The journey down the Razorback Greenway has finally reached Benton County. Almost halfway! Only 20 or so miles to go. I’d started to fear this quiet leg of the trail would be a relative bust for some fresh shots, but then Lake Springdale popped up around the last bend, right across the county line, and saved the day.
This last one isn’t from the trail, but I have to share it. I was walking around my apartment complex a little before sunrise and looking up at the purple clouds when I noticed birds flying south. They weren’t in an orderly V formation like geese; instead they flew at least a hundred feet from each other, moving like black flecks of ash drifting from a huge fire. They filled the sky by the thousands, ranging from just above the top of the apartment buildings to the limit of my eyesight, tiny specks in every direction. And they were silent. I had never seen anything quite like it. I’d like to learn what kind of birds they were, but Google hasn’t cracked the mystery yet. An hour or so later they were gone, and the sky was clear.
Every black speck here is a bird. They’re a bit hard to see here, so opening the photo in another tab might help.
Happy November! Thanks for looking.
There’s more than 3,000 people in this photo — more than live in a dozen different towns in Washington County and more than twice as many people in my entire high school in Nebraska. They’re having hundreds of conversations and maybe a few arguments. Lots are standing, but some are kneeling. There are kids and parents and cousins and buddies and a whole lot of strangers. Some are Texas State fans, if you can spot the maroon in the sea of crimson. All of that life in a single frame.
It’s taken me way too long to have these pictures ready. The two above are from the Sept. 17 Razorback game, my first. It was a good time, though it made me miss Nebraska’s Memorial Stadium. Anyway, that’s it for my words this time. Thanks for stopping by. Until next time, have some much quieter snapshots of the latest leg of the Razorback Greenway trail.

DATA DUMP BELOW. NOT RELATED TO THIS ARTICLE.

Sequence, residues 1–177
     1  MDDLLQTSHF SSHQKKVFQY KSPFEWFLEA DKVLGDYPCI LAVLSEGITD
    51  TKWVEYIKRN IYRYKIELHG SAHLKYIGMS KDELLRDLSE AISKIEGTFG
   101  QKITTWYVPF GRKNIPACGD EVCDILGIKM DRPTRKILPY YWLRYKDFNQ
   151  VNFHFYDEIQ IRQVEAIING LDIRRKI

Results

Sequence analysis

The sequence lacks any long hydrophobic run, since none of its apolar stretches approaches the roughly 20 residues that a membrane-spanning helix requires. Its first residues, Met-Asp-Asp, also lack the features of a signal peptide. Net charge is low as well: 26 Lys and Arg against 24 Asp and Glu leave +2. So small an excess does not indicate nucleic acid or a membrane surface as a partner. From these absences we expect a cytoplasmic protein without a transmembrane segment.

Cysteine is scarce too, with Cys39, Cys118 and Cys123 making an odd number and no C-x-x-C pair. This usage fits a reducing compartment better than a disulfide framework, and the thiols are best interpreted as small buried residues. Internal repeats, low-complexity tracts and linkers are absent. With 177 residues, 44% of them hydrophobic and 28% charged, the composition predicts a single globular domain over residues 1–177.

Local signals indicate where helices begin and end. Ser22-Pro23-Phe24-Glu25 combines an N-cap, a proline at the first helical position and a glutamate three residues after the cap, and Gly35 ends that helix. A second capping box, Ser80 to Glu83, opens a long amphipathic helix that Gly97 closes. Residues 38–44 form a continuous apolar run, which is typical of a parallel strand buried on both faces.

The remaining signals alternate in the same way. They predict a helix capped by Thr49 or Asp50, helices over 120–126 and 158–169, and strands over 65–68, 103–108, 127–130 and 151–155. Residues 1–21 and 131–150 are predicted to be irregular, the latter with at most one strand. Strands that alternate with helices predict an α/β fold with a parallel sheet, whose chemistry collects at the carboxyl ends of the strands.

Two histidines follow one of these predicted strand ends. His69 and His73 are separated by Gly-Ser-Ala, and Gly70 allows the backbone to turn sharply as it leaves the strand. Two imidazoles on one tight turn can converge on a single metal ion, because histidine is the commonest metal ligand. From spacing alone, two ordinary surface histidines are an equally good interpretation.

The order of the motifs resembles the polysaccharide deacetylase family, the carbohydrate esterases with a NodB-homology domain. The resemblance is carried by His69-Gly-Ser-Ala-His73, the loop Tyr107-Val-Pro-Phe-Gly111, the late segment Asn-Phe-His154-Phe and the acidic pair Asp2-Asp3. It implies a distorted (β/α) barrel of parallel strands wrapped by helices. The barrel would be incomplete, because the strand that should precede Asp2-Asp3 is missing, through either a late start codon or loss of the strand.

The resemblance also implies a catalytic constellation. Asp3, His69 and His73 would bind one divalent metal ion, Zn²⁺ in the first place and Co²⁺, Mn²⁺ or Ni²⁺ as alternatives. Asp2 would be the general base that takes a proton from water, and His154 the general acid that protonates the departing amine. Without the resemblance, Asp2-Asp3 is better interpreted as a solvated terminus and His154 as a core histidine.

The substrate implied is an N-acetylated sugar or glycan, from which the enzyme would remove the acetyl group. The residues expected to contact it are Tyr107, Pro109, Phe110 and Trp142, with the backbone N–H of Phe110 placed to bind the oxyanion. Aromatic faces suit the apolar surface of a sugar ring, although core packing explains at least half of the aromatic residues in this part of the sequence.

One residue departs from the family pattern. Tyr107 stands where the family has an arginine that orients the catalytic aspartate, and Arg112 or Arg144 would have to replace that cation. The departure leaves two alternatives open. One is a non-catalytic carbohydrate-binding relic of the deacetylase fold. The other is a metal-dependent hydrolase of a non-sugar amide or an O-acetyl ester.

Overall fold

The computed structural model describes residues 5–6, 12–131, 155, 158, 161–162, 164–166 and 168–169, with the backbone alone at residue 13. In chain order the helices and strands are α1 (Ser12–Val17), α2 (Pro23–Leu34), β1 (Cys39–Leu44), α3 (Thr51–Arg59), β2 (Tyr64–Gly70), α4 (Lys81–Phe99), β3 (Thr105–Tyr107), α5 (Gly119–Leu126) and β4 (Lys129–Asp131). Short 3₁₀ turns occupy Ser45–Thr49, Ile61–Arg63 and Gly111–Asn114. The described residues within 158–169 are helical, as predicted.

It only took eight months, but yesterday I got past the Fayetteville section of the Razorback Greenway and into parts I’ve never seen before. A beautiful Saturday brought a few more miles of the 36-mile thread that carries characters like this pair, who were taking a break during a ride from one end of the trail to the other and back — I’d need a breather, too. Others included some disc-golfing fraternity brothers and a bulldog puppy named Princess that got doused with water to cool off from the trek around Lake Fayetteville.
We’ll see what’s going on in Springdale next time. Thanks for looking.
I’ve been on a bit of a hiatus from my trek down the Razorback Greenway, but no more. With a 4-mile segment down yesterday, I’m finally to the northern edge of Fayetteville. It took me a bit longer than expected since starting in January. But it was worth the wait to see, smell and hear a particularly densely forested section of the trail as spring winds down and summer begins.
The next piece of the Greenway, whenever that comes, will finally get into segments of the I’ve never seen. You know I like that.
Thanks for looking.